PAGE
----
Embodiments of the present invention seek to directly digitize RF signals at the output of the antenna and reduce or eliminate analog down conversion steps in radio receiver processing. These embodiments may combine stagger clock jitter management, means of matching A/D converters to a single performance model and system management to significantly increase the performance of CADC systems. By moving the time staggered A/D concept from the circuit board level to the microchip level, it is possible to use established microchip design techniques to craft a system of small physical scale and make big improvements to time jitter. A system to add calibration of the multiple A/D converters may be implemented to apply an automatic correction factor to their output. This automatic correction enables each A/D converter output to fit an ideal (i.e. target) performance model. A system to organize the A/D converters into sets may be provided so as to arrange the converters to perform optimally for various signal processing tasks. These techniques will also address the three main points of performance degradation.
 In an embodiment of the present invention an integrated circuit is provided having a clock phase generation device and a means to select a clock frequency having a rising edge and a falling edge. A means of generating a selectable and configurable clock frequency so as to have a choice between at least one of rising edge and falling edge timing may also be provided. A plurality of analog to digital converters are provided, each of which is coupled to one of the clock signals and configured to generate digital output data based on a corresponding clock signal and an analog input signal. A portion of the analog to digital converters are responsive to generate the digital output data on the rising edge of the clock signal, and a remaining portion of the analog to digital converters are responsive to generate the digital output data on the falling edge of the clock signal. The converters can also be configured to be all on the rising or falling edge of the clock signal. Such a selectable arrangement may be important for performing certain tuner features like TV receiver picture in picture and to signal processing algorithms.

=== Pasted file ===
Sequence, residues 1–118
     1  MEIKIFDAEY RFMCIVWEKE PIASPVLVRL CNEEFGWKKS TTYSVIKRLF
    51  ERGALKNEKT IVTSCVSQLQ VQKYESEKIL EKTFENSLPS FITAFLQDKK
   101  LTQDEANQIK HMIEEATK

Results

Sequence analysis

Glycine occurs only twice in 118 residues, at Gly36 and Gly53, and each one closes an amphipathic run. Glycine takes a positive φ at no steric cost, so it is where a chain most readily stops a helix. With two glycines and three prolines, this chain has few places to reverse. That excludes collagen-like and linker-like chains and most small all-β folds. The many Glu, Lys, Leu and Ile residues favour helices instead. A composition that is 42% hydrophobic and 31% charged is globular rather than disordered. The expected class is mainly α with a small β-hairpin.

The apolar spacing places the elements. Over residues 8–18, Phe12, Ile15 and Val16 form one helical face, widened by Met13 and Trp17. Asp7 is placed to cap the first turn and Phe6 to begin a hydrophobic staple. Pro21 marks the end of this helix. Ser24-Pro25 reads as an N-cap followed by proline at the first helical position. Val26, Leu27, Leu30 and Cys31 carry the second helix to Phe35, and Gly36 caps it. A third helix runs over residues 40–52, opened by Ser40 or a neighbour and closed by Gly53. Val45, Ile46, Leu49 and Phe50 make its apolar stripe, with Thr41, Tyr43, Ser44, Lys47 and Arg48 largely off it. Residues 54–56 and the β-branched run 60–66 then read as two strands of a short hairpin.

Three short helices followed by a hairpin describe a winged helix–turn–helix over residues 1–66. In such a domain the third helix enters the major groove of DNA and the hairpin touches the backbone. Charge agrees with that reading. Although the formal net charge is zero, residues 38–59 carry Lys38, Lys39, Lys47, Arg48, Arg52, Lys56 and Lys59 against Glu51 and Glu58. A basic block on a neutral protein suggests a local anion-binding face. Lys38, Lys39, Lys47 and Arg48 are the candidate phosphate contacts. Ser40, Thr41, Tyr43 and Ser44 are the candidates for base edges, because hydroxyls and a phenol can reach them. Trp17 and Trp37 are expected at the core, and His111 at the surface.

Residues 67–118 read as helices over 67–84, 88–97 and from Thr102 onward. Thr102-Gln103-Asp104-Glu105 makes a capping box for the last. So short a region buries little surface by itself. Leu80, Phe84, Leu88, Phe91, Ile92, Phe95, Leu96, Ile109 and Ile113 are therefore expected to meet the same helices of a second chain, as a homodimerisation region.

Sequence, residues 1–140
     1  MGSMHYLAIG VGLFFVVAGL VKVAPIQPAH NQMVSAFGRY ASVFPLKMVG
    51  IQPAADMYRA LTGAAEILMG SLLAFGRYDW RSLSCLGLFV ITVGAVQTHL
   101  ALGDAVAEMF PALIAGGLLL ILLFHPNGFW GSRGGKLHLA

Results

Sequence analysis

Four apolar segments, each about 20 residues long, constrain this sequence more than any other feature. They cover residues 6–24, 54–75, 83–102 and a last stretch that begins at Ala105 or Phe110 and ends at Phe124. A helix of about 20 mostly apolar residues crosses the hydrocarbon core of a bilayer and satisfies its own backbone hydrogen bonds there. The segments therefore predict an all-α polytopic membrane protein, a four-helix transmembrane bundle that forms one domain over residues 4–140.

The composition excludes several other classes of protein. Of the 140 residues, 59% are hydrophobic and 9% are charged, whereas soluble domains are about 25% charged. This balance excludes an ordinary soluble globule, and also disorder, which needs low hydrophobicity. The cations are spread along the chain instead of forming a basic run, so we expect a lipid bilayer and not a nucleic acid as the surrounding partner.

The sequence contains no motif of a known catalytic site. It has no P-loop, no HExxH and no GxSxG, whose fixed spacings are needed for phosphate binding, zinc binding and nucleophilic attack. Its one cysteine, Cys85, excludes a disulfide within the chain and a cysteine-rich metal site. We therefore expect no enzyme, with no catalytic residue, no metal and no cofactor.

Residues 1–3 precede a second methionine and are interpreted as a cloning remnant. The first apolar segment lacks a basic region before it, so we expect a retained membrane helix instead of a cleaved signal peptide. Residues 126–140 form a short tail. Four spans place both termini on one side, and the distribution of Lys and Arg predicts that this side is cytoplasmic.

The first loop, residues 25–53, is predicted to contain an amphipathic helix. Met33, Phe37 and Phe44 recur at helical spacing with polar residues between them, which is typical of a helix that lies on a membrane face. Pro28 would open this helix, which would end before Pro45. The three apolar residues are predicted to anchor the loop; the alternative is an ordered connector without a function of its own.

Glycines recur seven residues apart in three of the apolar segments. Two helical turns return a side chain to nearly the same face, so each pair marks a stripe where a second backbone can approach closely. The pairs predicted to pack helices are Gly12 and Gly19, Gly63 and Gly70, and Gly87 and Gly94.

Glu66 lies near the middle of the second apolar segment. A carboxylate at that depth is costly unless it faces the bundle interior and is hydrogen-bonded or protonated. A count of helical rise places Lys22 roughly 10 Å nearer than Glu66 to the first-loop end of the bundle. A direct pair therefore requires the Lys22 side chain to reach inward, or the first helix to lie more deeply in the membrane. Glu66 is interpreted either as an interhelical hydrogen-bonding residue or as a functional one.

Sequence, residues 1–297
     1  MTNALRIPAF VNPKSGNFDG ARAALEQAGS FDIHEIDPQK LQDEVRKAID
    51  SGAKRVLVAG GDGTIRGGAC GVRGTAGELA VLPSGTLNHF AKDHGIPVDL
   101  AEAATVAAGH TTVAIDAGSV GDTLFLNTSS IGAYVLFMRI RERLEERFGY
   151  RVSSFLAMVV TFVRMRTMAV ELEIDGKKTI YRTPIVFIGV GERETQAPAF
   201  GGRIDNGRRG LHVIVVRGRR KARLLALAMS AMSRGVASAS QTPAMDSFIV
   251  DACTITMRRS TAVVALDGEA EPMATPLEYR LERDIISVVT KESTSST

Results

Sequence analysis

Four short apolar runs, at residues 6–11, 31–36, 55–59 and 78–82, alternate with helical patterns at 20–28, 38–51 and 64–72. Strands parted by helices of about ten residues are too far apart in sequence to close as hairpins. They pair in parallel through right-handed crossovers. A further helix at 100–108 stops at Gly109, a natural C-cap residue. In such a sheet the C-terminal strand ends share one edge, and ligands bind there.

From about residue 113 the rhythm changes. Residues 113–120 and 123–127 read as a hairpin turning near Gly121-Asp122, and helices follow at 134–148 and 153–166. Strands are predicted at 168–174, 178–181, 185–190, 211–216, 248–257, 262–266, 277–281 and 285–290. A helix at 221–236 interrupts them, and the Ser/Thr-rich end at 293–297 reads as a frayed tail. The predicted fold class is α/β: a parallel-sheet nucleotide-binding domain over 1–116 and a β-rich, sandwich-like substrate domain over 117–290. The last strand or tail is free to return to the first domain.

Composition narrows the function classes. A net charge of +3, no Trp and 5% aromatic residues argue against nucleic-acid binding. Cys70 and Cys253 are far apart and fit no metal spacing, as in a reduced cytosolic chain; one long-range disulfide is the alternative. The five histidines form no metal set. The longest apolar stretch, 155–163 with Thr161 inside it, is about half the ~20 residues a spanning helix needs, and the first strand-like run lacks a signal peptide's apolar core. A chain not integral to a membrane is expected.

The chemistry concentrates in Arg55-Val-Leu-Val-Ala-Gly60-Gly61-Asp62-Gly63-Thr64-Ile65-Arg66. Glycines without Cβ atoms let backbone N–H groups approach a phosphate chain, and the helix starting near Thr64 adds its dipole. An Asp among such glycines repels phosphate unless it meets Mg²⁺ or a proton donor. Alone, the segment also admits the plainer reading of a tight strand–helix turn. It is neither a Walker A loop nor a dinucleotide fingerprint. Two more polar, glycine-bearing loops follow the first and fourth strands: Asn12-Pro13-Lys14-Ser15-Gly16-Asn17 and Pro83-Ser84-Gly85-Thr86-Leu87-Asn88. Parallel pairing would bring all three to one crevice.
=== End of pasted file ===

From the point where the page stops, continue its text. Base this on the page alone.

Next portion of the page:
Another embodiment of the present invention includes a clock management system configured to selectively alter a stagger period between clock signals generated by the clock phase generation device. This arrangement provides a system capable of adjusting the stagger step from the point of the rising or falling edge of the master clock according to a number of signal processing parameters.